"As they were going down, (Zwirn) started laying off all their paper at Citi," Johnson explains. "And Citi saw that we were performing well on our loans and so they said, 'Hey, do you want to just move the facility over here?' "

Ruf, one of the brightest finance agents in the business, seems surprised by the scenario. But he also knows this is an exploratory meeting, not an audit.

He deftly then turns the discussion to his client RGM, a Singapore-based management and production company looking to partner with producers like Johnson, then bring the projects into the studios with full financing in place. The company needs to make three or four films a year. They're sitting on $75 million in equity ("with additional money behind it," says Ruf), and they don't get more money unless they spend it.

"They've got to keep that flowing," notes Ruf. "And part of the reason why we're working with them is to provide that deal flow."

Ruf's personal deal flow has been close to capacity today. Business kicked off with an 8:30 a.m. motion picture finance group meeting, where subjects included the AFM lineup for their Belgium-based client Corsan Prods. That was followed by a 9:30 a.m. motion picture group meeting, where agents quizzed him about "managing the expectations" of the acting and directing clients who are looking to launch personal passion projects through his division.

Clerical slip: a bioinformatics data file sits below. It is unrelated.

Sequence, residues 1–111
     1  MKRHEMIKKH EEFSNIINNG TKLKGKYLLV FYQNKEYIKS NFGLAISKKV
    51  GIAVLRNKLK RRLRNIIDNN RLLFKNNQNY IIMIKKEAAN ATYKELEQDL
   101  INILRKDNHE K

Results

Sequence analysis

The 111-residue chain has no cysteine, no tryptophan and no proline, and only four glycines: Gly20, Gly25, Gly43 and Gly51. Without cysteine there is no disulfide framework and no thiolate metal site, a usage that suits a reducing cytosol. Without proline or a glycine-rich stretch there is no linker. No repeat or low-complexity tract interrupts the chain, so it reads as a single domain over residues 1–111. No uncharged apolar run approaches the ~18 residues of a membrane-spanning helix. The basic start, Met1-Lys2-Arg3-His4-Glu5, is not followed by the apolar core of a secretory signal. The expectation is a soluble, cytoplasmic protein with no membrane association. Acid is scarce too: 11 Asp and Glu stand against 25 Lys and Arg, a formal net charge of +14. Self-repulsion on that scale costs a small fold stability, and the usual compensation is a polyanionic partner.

When he started out as a talent agent, all he had to worry about was finding his clients work. But now he has the full weight of all Paradigm's indie filmmakers on his shoulders.

Back in his office a while later, Ruf is going at it nonstop.

He has his standard-issue agent phone headset on as he does some late-stage expectation management of his own in a series of calls with producer-star Andy Garcia, writer-director Raymond De Felitta -- both Paradigm clients -- and producer Lauren Versel, who all have slightly different notes on the fine cut of their film "City Island." He'll be meeting with them in their editing suite at Departures Post in Hollywood in a few hours to see if they can have a copy ready to screen for Sundance Film Festival senior programmer Trevor Groth the next day. Ruf is so confident that Groth will like what he sees, he's already telling staffers to book a venue in Park City for a party celebrating the film's Sundance bow.

"We put together seven films last year on the structured finance side and sold (them)," says Ruf. "And every time a film would go into production, my wife says, 'What's going on with "City Island"?' It's really that good of a script ... in the 'Little Miss Sunshine' vein."

Ruf got the movie off the ground, but now he has to find a buyer. That battle still needs to be fought, and he knows just how hard it will be.